Daylight Saving Time officially ends at 2 AM Sunday, November 4, 2012. For the majority of us, that means we get an extra hour of sleep and relaxation before starting the day. But that little extra time comes with a price. I am always a little off kilter after the time change – my body is trying to figure this all out while mourning the loss of daylight saving time. If it affects me in this way, how does the time change affect our children?
Children generally do not use watches, but they can tell when there is a change in the behavior of the family and at the child care center. Children thrive on schedules, which is why their behavior is linked to our schedules. When those schedules are disrupted, it can cause changes in their behavior. An extra hour in bed for you might mean your child wakes up at the same time needing the bathroom or to eat breakfast. If you’re not careful, it can seem like you woke up to a stranger.
Keep a close eye on your child for any changes in their behavior after the time change. If children seem to be more anxious (not hungry at mealtime are having more toileting accidents than normal) try getting up an hour earlier and seeing if the behavior continues.
For parents and early childhood educators, it is important to explain to older children that the clock says one thing while our body’s clock says something else, and that it will take awhile for the brain and body to get in sync with the new time.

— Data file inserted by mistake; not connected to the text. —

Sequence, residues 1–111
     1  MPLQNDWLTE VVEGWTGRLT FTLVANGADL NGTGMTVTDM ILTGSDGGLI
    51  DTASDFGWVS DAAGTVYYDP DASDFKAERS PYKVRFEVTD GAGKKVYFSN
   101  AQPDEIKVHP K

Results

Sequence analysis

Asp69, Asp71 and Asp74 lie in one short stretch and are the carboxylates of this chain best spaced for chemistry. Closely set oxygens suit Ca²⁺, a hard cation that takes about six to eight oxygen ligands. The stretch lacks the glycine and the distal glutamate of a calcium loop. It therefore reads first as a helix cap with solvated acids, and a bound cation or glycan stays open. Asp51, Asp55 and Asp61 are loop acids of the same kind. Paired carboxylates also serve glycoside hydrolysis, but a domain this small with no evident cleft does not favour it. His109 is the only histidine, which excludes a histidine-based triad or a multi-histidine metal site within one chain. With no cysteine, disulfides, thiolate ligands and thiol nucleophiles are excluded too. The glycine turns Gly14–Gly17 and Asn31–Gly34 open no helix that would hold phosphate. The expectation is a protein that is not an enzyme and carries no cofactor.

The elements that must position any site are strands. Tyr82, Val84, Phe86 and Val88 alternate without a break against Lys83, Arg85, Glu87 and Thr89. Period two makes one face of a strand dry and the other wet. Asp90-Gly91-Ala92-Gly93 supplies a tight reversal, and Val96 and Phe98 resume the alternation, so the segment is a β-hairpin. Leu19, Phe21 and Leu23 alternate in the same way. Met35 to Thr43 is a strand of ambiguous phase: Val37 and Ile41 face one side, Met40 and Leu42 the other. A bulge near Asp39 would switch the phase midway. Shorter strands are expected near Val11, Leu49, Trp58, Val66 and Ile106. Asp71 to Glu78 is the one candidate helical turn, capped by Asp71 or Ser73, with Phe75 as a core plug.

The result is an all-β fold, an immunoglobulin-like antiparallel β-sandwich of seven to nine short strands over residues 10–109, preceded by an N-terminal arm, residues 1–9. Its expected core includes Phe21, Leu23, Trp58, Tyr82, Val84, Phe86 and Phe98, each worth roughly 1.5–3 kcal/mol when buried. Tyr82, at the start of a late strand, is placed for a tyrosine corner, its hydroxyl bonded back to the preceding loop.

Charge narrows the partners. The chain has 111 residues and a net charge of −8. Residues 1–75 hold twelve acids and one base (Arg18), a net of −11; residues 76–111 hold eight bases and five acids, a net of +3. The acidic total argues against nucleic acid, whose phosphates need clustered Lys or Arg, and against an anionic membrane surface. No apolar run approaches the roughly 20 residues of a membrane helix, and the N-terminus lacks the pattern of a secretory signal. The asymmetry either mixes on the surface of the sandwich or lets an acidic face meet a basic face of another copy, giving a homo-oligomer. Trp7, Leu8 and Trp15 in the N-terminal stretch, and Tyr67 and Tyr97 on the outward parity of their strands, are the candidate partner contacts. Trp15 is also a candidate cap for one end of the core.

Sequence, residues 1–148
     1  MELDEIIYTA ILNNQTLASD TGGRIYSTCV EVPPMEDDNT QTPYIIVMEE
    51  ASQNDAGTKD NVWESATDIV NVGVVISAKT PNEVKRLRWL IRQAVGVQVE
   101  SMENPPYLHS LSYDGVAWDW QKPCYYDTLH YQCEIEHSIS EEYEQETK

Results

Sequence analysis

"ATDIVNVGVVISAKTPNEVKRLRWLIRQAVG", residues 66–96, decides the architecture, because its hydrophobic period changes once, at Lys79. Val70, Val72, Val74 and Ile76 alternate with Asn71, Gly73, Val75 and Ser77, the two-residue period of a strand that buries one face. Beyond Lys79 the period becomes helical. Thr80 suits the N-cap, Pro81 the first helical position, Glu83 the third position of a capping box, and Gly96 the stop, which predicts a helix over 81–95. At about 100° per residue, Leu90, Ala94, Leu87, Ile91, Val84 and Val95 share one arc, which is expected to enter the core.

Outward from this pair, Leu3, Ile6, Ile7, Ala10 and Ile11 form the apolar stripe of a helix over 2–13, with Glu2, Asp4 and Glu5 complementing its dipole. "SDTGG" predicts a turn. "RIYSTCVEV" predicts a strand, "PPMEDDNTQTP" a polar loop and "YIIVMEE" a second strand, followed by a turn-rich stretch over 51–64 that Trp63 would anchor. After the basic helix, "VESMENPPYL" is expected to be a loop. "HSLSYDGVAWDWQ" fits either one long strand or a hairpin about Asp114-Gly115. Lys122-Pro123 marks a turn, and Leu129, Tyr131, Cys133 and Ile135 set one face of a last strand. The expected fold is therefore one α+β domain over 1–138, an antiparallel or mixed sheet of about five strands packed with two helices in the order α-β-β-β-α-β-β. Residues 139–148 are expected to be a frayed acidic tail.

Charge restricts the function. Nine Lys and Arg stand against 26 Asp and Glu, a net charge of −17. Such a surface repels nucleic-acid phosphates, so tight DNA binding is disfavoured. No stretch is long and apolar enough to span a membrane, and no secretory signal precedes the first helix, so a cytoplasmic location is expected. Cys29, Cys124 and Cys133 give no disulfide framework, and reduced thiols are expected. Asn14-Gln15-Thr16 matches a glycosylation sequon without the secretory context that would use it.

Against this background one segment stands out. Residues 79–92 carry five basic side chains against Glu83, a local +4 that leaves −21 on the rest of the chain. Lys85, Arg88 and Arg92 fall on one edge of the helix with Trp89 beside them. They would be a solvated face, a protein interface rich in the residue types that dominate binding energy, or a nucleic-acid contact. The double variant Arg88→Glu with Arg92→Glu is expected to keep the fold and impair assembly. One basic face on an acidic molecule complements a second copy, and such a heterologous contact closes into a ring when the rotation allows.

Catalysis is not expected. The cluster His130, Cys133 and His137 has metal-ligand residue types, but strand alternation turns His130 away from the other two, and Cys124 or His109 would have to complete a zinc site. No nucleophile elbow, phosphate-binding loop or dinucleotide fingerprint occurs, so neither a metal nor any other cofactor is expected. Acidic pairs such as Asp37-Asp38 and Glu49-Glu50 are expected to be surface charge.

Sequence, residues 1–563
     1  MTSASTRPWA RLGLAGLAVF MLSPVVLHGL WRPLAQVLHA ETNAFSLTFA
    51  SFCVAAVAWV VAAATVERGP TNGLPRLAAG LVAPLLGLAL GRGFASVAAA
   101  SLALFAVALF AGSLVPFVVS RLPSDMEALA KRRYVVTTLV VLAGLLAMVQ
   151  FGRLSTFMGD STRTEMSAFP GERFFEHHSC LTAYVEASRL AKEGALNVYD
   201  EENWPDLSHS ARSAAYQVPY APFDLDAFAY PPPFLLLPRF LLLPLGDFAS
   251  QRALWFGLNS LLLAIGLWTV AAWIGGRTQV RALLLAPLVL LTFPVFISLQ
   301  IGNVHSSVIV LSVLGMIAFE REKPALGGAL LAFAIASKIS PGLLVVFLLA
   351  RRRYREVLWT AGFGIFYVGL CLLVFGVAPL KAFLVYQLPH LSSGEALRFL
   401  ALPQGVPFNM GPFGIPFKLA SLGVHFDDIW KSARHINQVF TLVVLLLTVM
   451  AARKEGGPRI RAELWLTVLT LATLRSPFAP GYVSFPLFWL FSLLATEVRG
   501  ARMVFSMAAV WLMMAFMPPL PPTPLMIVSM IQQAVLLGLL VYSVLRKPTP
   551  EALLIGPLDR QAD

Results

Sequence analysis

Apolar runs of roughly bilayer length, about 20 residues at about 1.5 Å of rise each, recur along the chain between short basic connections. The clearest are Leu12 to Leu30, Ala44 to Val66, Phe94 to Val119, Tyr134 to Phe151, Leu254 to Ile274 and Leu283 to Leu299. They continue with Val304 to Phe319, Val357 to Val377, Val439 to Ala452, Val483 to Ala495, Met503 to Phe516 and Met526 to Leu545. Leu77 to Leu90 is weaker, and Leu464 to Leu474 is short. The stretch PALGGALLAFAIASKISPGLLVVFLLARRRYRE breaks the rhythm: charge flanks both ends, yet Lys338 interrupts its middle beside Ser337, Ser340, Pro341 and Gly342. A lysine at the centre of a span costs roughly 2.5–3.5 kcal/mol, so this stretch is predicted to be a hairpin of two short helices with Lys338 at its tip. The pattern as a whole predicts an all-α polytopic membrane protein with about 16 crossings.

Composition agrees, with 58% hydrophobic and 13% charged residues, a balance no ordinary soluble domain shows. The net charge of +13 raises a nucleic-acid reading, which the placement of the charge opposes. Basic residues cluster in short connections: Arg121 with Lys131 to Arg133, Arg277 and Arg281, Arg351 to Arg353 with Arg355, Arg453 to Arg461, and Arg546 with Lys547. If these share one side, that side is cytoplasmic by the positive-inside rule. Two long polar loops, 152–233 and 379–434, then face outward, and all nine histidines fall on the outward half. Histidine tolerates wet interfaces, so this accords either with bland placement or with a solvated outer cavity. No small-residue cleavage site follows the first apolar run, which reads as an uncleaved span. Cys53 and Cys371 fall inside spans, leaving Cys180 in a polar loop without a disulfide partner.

At Little River School, we accommodated the change by serving meals at the old time rather than keep young tummies waiting. Naps are scheduled at the old time and we carefully integrate the new time slowly over the course of the week.
Most importantly, is the issue of drop off and pick up time. Most children will now be waking up when the sun is up, while just days before they woke when it was dark. The most worrisome challenge at the child care center is around pick-up time because children are now going home in the dark. Children are accustomed to returning home while the sun was shining and they may be used to taking walks or a trip to the park after daycare. But now, parents will now arrive after dark. It is important to talk about the schedule change with your child and remind them that although it is dark outside, you or someone they know will return and take them home.
Anxious behavior may occur during this time. The area where you live will impact behavior as well. Cold, wind, rain, and snow can come without warning and children should be prepared for less time outside, lessening their time in the sun.
An excellent resource is the Science Daily article:
Daylight Saving Time Disrupts Humans’ Natural Circadian Rhythm, “When we implement small changes into a biological system which by themselves seem trivial, their effects, when viewed in a broader context, may have a much larger impact than we had thought,”
Science Daily â€” When people living in many parts of the world move their clocks forward one hour in the spring in observance of daylight saving time (DST), their bodies’ internal, daily rhythms don’t adjust with them, reports a new study.* The finding suggests that this regular time change–practiced by a quarter of the human population–represents a significant seasonal disruption, raising the possibility that DST may have unintended effects on other aspects of human physiology, according to the researchers. http://www.sciencedaily.com/releases/2007/10/071024123249.htm
Post by: Roseann Murphy